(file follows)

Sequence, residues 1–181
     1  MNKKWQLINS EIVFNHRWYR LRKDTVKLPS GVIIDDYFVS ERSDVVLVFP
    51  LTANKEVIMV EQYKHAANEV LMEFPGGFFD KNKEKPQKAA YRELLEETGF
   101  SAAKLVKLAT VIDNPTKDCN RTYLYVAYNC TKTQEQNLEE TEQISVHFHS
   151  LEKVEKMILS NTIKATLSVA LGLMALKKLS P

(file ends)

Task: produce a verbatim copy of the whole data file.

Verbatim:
Sequence, residues 1–181
     1  MNKKWQLINS EIVFNHRWYR LRKDTVKLPS GVIIDDYFVS ERSDVVLVFP
    51  LTANKEVIMV EQYKHAANEV LMEFPGGFFD KNKEKPQKAA YRELLEETGF
   101  SAAKLVKLAT VIDNPTKDCN RTYLYVAYNC TKTQEQNLEE TEQISVHFHS
   151  LEKVEKMILS NTIKATLSVA LGLMALKKLS P